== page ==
Mohammed Siraj’s rise in Test cricket has been nothing short of remarkable. Coming from a humble background, wherein his father was a rickshaw driver, huge sums of money were shelled on him in the Indian Premier League (IPL). That put him in the spotlight initially. However, the fast bowler has ensured that it alone does not define the career he would go on to have.
Outgoing chairman of selectors MSK Prasad had indicated last year that Siraj would be a much better red-ball bowler and will be handy in Australia. "Siraj has really done well for India A over the past few seasons. I think he is a better red ball bowler and could be very handy in Australian conditions,” Prasad said in October last year.
As Prasad pointed out, his India A performances were phenomenal. In 16 matches, he had picked up 70 wickets at 21.88, which includes a career-best of 8 for 59 against Australia A in Bengaluru in 2018 against formidable batsmen like Usman Khawaja, Marnus Labuschagne, Travis Head, Peter Handscomb, and others. He had already played three T20 Internationals (T20I) by then at the back of impressive IPL performances, but his performance in the India blue was nothing to write home about.
Luckily for him, his progress in red-ball cricket was a steady one. With 41 wickets at 18.9 in only his second Ranji Trophy season, he had proven his worth. However, he graduated to the next level during his India A stints, first during the tour of South Africa in 2017. The tours of New Zealand, England and West Indies further helped him build a case for himself with his consistent performances.
As Siraj dreamt of playing Tests for India, he had to do that not just at the backdrop of a personal tragedy of losing his beloved father, but also had to help lift India after an embarrassing 36 all out in Adelaide.
While playing a Boxing Day Test in itself is an overwhelming experience, making your debut with so much at stake is a different ball game altogether. But that did not deter Siraj from shining at the biggest stage as he finished as India’s leading wicket-taker in the series. Injury to other fast bowlers meant Siraj was literally leading the attack when the final Test at the Gabba came along.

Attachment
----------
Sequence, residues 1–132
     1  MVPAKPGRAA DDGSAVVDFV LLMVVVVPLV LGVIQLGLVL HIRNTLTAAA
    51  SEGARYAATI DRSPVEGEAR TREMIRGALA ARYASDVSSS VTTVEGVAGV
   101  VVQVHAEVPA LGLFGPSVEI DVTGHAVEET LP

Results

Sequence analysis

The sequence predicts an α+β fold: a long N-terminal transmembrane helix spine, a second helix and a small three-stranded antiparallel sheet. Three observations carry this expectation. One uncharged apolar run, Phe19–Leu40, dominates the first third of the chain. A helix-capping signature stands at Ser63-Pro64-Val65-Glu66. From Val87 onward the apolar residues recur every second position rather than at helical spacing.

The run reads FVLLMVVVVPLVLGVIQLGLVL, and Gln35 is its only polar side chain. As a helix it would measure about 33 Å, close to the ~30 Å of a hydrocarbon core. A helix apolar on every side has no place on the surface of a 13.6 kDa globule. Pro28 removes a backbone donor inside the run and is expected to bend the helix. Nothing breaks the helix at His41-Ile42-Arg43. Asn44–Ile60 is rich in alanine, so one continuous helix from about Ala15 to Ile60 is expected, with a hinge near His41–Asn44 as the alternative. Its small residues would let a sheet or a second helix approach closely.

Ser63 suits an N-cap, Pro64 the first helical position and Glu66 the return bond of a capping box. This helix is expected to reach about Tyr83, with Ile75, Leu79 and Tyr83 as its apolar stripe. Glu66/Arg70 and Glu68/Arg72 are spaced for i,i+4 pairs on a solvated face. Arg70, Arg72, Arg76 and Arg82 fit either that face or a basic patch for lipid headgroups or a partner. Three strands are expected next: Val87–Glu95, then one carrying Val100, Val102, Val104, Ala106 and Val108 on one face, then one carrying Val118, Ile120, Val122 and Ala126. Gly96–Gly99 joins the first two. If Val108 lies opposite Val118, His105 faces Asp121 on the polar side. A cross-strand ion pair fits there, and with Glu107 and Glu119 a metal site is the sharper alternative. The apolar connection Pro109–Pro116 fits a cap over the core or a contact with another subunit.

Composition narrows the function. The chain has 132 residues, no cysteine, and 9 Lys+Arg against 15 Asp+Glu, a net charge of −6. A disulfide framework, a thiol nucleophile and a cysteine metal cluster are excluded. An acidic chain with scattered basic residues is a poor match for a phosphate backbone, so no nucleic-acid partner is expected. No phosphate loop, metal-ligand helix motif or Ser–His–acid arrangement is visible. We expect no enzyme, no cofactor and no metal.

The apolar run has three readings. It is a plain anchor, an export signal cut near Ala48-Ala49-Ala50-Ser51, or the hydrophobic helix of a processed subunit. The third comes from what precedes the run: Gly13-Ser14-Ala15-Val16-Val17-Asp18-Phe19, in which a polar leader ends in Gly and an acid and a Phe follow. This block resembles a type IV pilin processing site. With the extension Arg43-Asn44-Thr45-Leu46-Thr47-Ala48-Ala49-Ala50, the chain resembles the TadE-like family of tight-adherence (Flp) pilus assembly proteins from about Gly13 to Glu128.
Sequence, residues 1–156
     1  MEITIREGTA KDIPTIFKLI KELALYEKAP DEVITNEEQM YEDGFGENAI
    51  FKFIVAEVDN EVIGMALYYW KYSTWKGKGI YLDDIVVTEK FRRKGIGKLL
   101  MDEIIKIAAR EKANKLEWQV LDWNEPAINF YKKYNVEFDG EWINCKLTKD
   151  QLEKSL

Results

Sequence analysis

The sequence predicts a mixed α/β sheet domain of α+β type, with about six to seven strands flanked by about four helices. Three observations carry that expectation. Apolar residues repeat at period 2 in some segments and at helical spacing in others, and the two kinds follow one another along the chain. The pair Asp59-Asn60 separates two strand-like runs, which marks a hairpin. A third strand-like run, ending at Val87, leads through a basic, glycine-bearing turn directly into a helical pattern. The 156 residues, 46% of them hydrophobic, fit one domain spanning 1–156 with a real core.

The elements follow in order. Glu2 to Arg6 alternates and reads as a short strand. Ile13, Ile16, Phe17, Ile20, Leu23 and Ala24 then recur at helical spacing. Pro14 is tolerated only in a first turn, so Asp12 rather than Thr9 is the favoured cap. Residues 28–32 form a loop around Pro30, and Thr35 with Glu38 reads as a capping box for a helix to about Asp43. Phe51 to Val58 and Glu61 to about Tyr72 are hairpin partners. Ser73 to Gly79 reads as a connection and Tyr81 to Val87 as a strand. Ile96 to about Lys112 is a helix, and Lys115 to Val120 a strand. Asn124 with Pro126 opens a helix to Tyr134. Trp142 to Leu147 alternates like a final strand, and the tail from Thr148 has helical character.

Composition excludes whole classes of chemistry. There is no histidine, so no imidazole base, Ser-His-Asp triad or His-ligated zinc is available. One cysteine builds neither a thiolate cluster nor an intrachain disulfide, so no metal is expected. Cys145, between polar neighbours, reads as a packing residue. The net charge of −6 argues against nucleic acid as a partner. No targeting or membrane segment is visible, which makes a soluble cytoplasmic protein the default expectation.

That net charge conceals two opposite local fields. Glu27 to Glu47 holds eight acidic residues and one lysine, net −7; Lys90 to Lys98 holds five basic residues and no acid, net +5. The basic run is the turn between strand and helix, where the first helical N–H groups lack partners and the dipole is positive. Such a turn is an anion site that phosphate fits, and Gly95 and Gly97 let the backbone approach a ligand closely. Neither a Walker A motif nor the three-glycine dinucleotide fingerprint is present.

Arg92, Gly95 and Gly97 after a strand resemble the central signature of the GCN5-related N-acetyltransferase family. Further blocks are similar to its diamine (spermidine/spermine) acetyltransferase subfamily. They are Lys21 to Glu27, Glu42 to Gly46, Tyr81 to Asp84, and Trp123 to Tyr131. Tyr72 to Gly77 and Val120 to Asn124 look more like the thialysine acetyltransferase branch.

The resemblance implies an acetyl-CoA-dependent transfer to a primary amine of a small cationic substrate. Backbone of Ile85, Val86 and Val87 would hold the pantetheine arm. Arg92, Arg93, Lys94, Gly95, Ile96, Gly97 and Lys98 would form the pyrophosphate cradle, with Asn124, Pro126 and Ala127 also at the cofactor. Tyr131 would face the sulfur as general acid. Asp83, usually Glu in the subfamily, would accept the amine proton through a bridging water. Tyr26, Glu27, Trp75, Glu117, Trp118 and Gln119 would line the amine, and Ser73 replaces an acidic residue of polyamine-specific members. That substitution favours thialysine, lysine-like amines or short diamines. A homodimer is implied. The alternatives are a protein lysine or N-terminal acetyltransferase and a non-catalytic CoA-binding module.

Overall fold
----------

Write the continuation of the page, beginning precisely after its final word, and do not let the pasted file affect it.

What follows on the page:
Siraj’s strength lies in his natural ability to bring the ball into right-handers and away from the left-handers. He used that to his advantage at Lord’s extremely well. Among the four fast bowlers on display, Siraj had the least percentage (58.02) of deliveries in the good length area (Balls pitching 6-8 metres from the stumps) and yet was the most effective, as he was rewarded with five wickets on deliveries pitched on that particular length. This is because Siraj made the batsmen play. They could leave only 13% deliveries from Siraj, around 10% less than any other Indian pacer.
The pressure created by Siraj was visible. Twice at Lord’s he picked up two wickets in two balls – in the first innings, he removed Dom Sibley and Haseeb Hameed back-to-back, which gave India an ideal start after putting up 364. In the second innings, he put India in an even stronger position of completing a historic victory when he got rid of Moeen Ali and Sam Curran, with two beautiful deliveries angling away from the left-handers.
With plenty of cricket ahead, India might as well try to accommodate Siraj while playing at home. Virat Kohli has always preferred playing five bowlers in the XI. In home conditions where the tracks are more conducive to spinners, it is safe to assume that India will more or less go in with three spinners.
With two slots for pacers still available, Siraj could easily be one of them. His natural variations combined with the fact that he makes the batsmen play at a higher percentage of deliveries could be a huge plus point.
From making his debut at MCG to playing a huge part at Lord’s, Siraj has made an instant impact at the Test level. The depth in India’s fast bowling at the moment is scary is certainly not any team would take lightly.
"Siraj is a quick learner and adapts well to situations. He has come across as a fast learner. Fast bowlers have a period where they develop very quickly. You look at them and you know they are different bowlers now," Sachin Tendulkar, a veteran of 200 Tests said while adding that this Indian unit is the best bowling attack in the world right now
“When I saw him in MCG last year to now, what strikes is the fact that Siraj has learnt how to construct an over, how to bowl a spell. That ability to think is critical. He has spring in his strides and gives his hundred percent every time."
With the world at his feet, the sky is the limit for the 27-year-old from Hyderabad. India may have selection conundrums with their batting in the upcoming matches, but it is safe to say that it is not something that Siraj would be losing any sleep over.